Nanofiber made of Protein as cure of Alzheimer’s disease
Creating nanofibers made of proteins is a new method developed by researchers at NYU-Poly (Polytechnic Institute of New York University). This breakthrough promises to greatly improve drug delivery methods for the treatment of Alzheimer’s disease, different types of cancer, and heart disorders. This can also aid in the regeneration of the bone, cartilage, and human tissue.
This discovery can be a solution to create a more powerful and tinier microprocessors for future generation consumer electronic products, computers, and other electronic gadgets that uses such.
The details of this breakthrough can be read an article titled “Effects of Divalent Metals on Nanoscopic Fiber Formation and Small Molecule Recognition of Helical Proteins,” which appears online in Advanced Functional Materials.
Susheel K. Gunasekar is lead researcher of this innovation. She’s a doctoral student in NYU-Poly’s Department of Chemical and Biological Sciences, where the underlying research was primarily conducted. Also involved were co-authors Professor Hiroshi Matsui and Luona Anjia, both of the Department of Chemistry and Biochemistry at Hunter College, where secondary research was conducted.
During an experiment that involved studying certain cylinder-shaped proteins derived from cartilage oligomeric matrix protein, Gunasekar observed that in high concentrations, these alpha helical coiled-coil proteins spontaneously came together and self-assembled into nanofibers.
Montclare says that it was a surprising outcome, because COMP was not known to form fibers at all. As a result, they decided to do a series of experiments to see if they could control the fiber formation, and also control its binding to small molecules, which would be housed within the protein’s cylinder.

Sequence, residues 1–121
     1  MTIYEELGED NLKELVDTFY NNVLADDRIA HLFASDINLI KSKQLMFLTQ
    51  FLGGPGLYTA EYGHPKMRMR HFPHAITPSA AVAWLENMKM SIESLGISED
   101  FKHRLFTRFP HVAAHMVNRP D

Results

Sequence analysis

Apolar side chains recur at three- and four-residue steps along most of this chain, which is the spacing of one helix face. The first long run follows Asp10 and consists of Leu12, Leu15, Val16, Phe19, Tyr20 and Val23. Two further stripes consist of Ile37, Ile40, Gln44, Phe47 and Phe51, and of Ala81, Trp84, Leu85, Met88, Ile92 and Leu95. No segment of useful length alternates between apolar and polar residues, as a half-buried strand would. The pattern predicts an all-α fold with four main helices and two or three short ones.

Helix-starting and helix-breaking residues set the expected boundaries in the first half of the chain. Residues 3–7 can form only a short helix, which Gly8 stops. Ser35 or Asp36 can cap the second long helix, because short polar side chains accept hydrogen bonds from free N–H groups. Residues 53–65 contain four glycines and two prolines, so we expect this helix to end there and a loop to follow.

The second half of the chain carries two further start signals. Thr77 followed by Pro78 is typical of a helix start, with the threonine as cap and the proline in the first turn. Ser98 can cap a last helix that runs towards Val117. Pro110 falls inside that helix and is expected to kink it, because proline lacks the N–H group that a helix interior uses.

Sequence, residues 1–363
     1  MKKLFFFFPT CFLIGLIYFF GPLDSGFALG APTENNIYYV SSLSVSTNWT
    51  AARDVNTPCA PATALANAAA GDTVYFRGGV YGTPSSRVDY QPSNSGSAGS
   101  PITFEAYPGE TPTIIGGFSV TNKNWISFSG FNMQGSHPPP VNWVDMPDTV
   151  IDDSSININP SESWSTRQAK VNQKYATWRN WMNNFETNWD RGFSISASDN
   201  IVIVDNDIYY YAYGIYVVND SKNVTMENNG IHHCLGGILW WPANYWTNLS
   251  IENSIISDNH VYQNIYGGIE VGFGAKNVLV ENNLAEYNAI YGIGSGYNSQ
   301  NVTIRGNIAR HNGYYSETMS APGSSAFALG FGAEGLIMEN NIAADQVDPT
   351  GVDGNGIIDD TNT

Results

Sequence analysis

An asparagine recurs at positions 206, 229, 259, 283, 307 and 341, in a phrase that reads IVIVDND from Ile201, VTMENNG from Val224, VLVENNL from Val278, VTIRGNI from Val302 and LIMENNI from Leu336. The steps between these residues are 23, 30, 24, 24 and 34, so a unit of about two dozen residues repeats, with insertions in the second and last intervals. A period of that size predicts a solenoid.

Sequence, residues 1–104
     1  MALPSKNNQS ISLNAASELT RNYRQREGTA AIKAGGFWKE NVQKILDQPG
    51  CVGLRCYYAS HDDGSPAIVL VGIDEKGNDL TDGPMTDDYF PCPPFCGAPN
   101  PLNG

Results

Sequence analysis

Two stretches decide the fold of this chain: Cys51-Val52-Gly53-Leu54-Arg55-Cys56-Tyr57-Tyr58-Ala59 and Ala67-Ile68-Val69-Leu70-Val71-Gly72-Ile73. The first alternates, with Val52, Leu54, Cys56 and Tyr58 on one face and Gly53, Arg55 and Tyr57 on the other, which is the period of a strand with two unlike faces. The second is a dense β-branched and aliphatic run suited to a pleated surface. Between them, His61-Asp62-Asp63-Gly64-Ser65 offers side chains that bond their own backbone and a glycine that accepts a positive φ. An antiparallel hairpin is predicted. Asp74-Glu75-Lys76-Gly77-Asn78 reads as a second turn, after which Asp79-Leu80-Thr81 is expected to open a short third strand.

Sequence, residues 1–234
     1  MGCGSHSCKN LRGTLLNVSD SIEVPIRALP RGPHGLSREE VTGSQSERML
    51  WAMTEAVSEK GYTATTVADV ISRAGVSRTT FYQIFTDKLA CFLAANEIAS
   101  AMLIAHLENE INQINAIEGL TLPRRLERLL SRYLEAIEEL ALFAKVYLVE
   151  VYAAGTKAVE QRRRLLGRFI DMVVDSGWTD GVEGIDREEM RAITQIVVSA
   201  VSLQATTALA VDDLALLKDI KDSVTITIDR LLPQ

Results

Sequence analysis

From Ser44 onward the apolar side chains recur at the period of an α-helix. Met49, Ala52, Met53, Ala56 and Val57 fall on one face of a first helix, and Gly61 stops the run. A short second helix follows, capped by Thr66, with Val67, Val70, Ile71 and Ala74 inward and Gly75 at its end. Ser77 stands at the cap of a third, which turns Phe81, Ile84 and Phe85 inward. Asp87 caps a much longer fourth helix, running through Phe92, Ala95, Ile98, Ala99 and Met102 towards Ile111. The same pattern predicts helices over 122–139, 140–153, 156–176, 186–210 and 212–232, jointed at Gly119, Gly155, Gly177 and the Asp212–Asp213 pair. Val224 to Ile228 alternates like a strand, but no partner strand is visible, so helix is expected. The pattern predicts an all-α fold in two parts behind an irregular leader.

They experimented wit the molecules of curcumin, it’s an ingredient in dietary supplements used to cure Alzheimer’s disease, heart disorders, and cancer.
The NYU-Poly team succeeded by adding a set of metal-recognizing amino acids to the coiled-coil protein. Finding that the nanofibers alter their shapes upon addition of metals such as zinc and nickel to the protein.
The addition of zinc fortified the nanofibers, letting them to hold more curcumin, while the addition of nickel coverted the fibers into clumped mats, triggering the dispensation of the drug molecule.
The researchers plan to experiment with creating scaffolds of nanofibers that can be used to induce the regeneration of bone and cartilage or human stem cells.
In the world of computers and consumer electronics, it wil be possible to apply this organic, protein-based method for creating nanofibers, Montclare added. Producing nanoscale threads for use as circuits in computer chips by first creating the nanofibers will be possible.
NYU-Poly research funding was provided by the the U.S. Department of Energy, the National Science Foundation, and the U.S. Air Force Office of Scientific Research, the U.S. Army Research Office, .